Political party strength in Puerto Rico
- the Popular Democratic Party which is currently in power and holds about 47% of the popular vote while advocating for maintaining the current political status of Puerto Rico as that of an unincorporated territory of the United States with self-government, and[a][b]
- the New Progressive Party which holds about 47% of the popular vote while advocating for Puerto Rico to become a state of the United States.
Other parties also hold a minority of the popular vote, namely:
- the Puerto Rican Independence Party which holds about 2.5% of the popular vote while advocating for the independence of Puerto Rico,
- the Working People's Party of Puerto Rico which holds about 1% of the popular vote while advocating for the working class,
- the Movimiento Unión Soberanista which holds about 0.5% of the popular vote while advocating for the sovereignty of Puerto Rico, and
- the Puerto Ricans for Puerto Rico Party which holds about 0.3% of the popular vote while advocating for green politics.
At the national level residents of Puerto Rico also have local chapters affiliated with the different political parties in the United States, being the Democratic Party and the Republican Party the local affiliations with significant representation in the island.
The table also indicates the historical party composition in the territorial or Commonwealth:
The Puerto Rican parties are as follows: Alianza Puertorriqueña (AP), Republican-Socialist Coalition (C), Christian Action (CA), Estadista (E), Estadista Puertorriqueño (EP), Estadista Republicano (ER), Puerto Rican Independence (PIP), Liberal Party (L), Nonpartisan (NP), Partido Histórico (PH), New Progressive (PNP), Popular Democratic (PPD), Republicano Puertorriqueño (RP), Socialist (S), Socialista-Constitucional (SC), Union of Puerto Rico (U), Puerto Rican Socialist Party (PSP), Puerto Rican Union Party (PUP) and Unión Republicana-Progresista (URP). Elected officials' United States party affiliations are as follows: Democratic (D) and Republican (R).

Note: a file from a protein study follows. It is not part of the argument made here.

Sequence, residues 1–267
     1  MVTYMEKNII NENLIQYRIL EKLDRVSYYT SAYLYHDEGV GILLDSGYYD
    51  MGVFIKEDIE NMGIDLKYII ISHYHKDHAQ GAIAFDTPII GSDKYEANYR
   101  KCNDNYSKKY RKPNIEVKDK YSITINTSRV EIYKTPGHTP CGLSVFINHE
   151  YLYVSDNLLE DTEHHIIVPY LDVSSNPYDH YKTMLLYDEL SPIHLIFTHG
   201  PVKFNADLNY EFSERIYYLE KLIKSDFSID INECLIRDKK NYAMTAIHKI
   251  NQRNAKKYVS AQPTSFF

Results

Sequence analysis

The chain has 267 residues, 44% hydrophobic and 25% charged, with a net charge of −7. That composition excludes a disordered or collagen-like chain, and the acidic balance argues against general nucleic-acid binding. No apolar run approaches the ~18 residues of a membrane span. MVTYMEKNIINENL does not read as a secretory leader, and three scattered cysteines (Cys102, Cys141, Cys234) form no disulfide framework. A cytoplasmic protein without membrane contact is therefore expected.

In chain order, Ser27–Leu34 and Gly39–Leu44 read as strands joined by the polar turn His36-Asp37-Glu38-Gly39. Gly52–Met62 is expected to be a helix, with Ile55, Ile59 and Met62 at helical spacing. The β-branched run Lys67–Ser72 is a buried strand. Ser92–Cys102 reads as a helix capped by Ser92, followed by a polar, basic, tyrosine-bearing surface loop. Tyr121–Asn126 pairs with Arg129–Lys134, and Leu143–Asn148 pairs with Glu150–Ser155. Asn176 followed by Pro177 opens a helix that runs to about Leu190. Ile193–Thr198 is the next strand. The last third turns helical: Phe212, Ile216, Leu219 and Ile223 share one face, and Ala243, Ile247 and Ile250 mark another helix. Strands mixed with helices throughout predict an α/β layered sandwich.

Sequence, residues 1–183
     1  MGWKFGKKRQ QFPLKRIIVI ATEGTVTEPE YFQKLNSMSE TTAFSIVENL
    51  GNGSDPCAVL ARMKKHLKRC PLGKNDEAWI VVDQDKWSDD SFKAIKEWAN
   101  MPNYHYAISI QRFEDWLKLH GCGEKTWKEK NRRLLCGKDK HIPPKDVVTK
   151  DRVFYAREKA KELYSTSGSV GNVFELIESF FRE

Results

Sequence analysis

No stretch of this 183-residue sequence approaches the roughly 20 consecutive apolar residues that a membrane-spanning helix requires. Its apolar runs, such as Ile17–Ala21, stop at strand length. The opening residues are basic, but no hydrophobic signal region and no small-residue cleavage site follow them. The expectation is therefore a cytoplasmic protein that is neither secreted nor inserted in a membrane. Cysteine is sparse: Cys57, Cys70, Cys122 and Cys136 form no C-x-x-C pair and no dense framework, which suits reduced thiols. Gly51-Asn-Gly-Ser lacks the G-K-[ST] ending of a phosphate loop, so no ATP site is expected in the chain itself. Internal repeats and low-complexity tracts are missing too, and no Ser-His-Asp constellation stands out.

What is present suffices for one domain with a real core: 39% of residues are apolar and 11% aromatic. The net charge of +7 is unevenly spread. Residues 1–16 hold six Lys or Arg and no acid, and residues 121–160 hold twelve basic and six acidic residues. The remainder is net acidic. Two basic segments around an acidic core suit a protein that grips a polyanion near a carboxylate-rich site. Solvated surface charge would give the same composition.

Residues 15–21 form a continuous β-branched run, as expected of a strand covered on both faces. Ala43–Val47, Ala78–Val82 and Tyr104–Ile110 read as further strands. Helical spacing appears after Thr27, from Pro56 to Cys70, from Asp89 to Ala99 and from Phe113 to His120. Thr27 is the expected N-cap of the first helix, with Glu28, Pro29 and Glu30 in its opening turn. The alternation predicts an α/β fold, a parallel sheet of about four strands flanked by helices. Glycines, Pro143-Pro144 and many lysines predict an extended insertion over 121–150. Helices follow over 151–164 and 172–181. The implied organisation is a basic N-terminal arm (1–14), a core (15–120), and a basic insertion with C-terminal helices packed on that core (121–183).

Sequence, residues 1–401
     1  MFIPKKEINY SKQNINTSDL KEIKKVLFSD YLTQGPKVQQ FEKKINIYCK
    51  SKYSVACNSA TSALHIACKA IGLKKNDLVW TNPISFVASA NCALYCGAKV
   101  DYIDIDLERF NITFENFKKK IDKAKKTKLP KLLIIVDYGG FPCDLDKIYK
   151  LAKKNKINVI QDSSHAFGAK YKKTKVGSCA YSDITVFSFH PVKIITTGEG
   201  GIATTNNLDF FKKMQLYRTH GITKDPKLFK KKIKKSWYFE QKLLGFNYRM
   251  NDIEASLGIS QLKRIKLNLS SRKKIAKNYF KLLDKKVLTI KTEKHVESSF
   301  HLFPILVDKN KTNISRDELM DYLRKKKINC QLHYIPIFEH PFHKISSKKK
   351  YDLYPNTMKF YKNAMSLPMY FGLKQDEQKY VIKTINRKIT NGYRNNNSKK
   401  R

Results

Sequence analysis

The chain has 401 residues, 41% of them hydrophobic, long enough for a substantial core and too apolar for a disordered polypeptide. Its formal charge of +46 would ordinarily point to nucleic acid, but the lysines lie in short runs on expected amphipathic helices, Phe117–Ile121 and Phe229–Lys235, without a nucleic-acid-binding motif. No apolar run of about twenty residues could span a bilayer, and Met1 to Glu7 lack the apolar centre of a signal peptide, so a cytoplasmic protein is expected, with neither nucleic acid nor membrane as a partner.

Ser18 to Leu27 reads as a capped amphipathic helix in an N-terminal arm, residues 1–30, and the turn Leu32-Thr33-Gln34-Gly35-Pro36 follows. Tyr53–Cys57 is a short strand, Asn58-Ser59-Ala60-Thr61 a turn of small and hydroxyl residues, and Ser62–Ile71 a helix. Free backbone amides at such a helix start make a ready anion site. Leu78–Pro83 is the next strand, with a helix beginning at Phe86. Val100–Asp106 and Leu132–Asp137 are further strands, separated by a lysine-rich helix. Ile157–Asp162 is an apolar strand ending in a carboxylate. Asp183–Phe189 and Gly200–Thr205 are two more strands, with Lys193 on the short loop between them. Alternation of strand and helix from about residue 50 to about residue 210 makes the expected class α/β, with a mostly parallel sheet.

For a particular year, the noted partisan composition is that which either took office during that year or which maintained the office throughout the entire year. Only changes made outside of regularly scheduled elections are noted as affecting the partisan composition during a particular year. Shading is determined by the final result of any mid-cycle changes in partisan affiliation.
|Year||Executive office||Legislative Assembly||U.S. House|
|1901||appointed under United States colonial administration||||unknown||Federico Degetau (RP/R)|
|1905||U majority||Tulio Larrinaga (U)|
|1911||Luis Muñoz Rivera (U)|
|1917||13U, 5RP, 1S||unknown||Felix Cordova Davila (U)|
|1921||15U, 3RP, 1S|
|1929||11AP, 7SC, 1PH|
|José Lorenzo Pesquera (NP)|
|1933||14C, 5L||C majority||Santiago Iglesias (C/R)|
|1939||Bolívar Pagán (C/R)|
|1941||10PPD, 9U||PPD majority|
|1945||17PPD, 1URP, 1S||Jesús T. Piñero (PPD/D)|
|Antonio Fernós-Isern (PPD/D)|
|1949||Luis Muñoz Marín (PPD)||17PPD, 1S, 1EP|
|1953||23PPD, 5IP, 3E, 1ER|
|1957||22PPD, 6ER, 3IP|
|1961||23PPD, 9ER, 1CA|
|1965||Roberto Sánchez Vilella (PPD)||23PPD, 9ER||Santiago Polanco Abreu (PPD/D)|